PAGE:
Patricia Gray, the founder of Yoga Gallery, started getting into yoga when she was 15 years old living with her family in Joplin, Missouri. In the course of her life and her practice, she has seen how yoga can help the entire mind, body, and soul.
Patricia had an interest in meditation and yoga as a teenager, and found that they fit her introspective personality. They made her feel more peaceful, even in a loud household. She chose to pursue her practice through study at Maharishi College.
Years later, after deciding to leave her corporate job, Patricia found her way back to yoga. In Kansas City at that time, there were only a few yoga teachers, but she found a deep connection with one teacher and studied closely with her. It was at that point that Patricia began to see all the effects and benefits of yoga.
Since her childhood, she had dealt with symptoms of Polycystic Ovary Syndrome, but with her renewed practice, those symptoms ended. She began to have regular periods and her body healed.
The changes she experienced gave her the motivation to become a teacher. She wanted to spread the message of health and well-being. Our bodies are amazing and they have the power to heal when we treat them properly. Her method for caring for the body is yoga. To teach yoga, she joined a co-op of teachers in Westport, then in 1999 she opened her own studio in the Crossroads district of Kansas City. After owning and operating Yoga Gallery in several different spaces, Patricia sold the studio and now continues to work there as a yoga teacher.
Patricia says, “Our physical bodies have a shelf-life. But with yoga and all the other wonderful healing techniques like chiropractic, and massage therapy, we have the ability to expand that shelf-life of our time on this planet. So with yoga, it has this inherent ability to make our joints more pliable. It helps our organ centers do their function like they were intended. If they’re nurtured, they’re taken care of, they’re given good oxygen exchange through the movements of yoga, we have the opportunity to have all of the organ centers work to their functional potential, like a blueprint intended. Working with yoga requires that we have our mind quiet, we are attentive to our breathing, we have balance, flexibility, focus, mind, breath, all coming together. The word yoga in Greek is “yoke,” to bring together.”
She explains that bringing together the areas of breathing, balance, flexibility, and focus helps us understand and be in tune with our bodies. Because yoga works with the body, mind, and soul, it can provide many benefits. In interviews with elite runners, they explain that yoga helps calm their mind with mindfulness, it helps them stretch and prepare their bodies for a race, and it helps them be aware of their bodies.
Another benefit that Patricia has seen in her own life that she attributes to yoga is not having the cold, flu, or bronchitis for 11 years. For most of us colds and the flu are a normal winter occurrence. She got so sick in 2004 that she ended up with bronchitis. Then the same thing happened in 2005, while she was also grieving the death of her mother. The bronchitis happened again in 2006. Patricia began to think that this was just how life would be.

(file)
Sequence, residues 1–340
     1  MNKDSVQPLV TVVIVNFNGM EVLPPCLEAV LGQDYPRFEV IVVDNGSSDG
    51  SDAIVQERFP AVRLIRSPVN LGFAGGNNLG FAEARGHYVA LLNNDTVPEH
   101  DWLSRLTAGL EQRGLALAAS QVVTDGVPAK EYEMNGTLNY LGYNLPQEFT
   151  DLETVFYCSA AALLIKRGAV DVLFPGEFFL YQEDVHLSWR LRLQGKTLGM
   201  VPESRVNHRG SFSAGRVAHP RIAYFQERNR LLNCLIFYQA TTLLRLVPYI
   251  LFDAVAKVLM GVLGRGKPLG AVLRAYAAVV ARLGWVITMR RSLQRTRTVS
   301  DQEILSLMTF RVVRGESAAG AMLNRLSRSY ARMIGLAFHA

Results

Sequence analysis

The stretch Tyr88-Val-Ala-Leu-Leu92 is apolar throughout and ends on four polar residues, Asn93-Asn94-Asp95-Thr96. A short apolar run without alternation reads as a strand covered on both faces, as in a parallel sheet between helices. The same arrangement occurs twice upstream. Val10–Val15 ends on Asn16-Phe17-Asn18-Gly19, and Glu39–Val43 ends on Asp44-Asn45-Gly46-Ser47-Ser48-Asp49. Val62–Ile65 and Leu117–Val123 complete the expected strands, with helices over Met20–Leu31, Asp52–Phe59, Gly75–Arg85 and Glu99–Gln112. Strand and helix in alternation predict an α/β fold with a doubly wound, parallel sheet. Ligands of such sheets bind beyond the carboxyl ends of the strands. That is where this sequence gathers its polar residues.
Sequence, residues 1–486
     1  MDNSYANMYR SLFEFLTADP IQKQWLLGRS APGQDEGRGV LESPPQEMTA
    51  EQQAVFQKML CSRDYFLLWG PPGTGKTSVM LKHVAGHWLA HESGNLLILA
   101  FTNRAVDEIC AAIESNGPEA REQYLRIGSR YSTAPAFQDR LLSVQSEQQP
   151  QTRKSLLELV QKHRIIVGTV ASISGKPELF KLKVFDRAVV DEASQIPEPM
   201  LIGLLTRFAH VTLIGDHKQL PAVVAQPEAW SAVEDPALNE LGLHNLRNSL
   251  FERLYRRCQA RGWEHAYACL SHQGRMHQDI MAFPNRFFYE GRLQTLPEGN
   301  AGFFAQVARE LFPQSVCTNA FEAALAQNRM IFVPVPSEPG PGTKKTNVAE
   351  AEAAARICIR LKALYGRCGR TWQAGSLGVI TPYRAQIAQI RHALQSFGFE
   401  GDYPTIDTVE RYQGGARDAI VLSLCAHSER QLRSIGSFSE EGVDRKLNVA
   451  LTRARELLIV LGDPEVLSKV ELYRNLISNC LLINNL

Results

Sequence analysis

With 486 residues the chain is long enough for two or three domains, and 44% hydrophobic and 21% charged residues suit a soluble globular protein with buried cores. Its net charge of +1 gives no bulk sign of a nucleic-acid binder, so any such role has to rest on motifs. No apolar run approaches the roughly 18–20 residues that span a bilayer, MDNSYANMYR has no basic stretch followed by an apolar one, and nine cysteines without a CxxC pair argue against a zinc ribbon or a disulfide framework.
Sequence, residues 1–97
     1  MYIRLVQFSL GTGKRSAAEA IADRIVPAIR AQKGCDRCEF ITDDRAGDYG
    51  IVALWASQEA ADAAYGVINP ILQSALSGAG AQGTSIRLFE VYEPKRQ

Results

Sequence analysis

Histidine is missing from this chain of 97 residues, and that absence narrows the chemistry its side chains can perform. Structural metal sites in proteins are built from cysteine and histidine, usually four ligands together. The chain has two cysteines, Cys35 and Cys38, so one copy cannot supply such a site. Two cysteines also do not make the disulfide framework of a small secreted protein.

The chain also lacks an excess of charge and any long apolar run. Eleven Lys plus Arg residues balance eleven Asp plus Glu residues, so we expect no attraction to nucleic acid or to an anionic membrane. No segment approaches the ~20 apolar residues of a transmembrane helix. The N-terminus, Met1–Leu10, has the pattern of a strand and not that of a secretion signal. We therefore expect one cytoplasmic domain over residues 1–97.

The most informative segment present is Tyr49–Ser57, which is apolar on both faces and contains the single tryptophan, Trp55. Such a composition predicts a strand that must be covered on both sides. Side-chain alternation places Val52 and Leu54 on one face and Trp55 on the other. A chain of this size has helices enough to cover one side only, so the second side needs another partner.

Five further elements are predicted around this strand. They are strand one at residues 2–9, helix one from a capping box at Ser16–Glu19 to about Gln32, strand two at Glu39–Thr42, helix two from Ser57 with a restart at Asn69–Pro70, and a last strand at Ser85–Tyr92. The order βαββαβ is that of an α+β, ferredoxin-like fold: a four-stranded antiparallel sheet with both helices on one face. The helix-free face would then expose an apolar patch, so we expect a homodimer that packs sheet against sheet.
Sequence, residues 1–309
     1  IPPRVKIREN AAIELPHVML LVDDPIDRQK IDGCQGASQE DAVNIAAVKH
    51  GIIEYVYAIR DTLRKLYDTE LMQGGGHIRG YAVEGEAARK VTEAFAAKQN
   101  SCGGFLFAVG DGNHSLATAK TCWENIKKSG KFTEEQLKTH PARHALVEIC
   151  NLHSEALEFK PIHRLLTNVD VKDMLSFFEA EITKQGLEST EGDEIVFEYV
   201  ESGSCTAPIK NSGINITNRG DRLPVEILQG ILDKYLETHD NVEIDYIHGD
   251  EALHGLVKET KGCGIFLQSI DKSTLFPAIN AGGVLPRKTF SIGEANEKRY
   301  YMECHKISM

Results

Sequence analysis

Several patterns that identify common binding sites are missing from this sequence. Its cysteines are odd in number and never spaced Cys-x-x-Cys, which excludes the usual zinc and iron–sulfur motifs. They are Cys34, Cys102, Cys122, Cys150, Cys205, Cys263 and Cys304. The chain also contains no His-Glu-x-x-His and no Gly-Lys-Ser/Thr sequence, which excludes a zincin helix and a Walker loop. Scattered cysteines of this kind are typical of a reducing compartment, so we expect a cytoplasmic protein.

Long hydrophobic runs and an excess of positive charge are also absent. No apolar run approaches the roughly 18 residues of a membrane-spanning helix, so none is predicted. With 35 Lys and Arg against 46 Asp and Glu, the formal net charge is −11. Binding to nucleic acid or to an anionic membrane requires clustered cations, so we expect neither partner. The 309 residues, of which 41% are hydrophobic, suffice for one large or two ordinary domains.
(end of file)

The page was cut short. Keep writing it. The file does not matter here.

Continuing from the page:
But then there was a change. She returned to her practice and as she was attentive to her breathing, she began to heal her lungs. And she also could feel that yoga was helping her to heal her grief about the loss of her mother and other emotional wounds. As she gave time and effort to healing, her body was able to heal, and she has not had bronchitis or even a cold or the flu since 2006. That’s 11 years!
In addition to understanding the benefits on our physical body, it makes the joints pliable and helps our organs function, Patricia says yoga helps us to be in tune with our bodies. That means that we can feel and understand the signals our body is sending us and we know how to take care of our body.
For her, that means that she knows the first little signs of a cold coming on. If she feels them, she stops and listens. She takes some vitamin C, she drinks an extra glass of water, and she takes a nap. These small steps are enough to stop the cold and keep her healthy.
But the key is that Patricia has learned to listen to her body through her yoga practice, and she teaches her students to do the same thing. I encourage my clients to be still and listen to their body, and yoga gives us time and space to get still and listen. Yoga can also help us understand how our body is connected to our mind and spirit and how our symptoms are connected.
Listening to your body is a small change that can lead to a big shift in your life. Put the odds in your favor by listening to your body. One way to start the practice of listening is to do yoga. Start small with just a few poses, and make sure you breathe. You can also use my Body Talk assessment that is available in my free ebook, Small Changes, Big Shifts to start listening.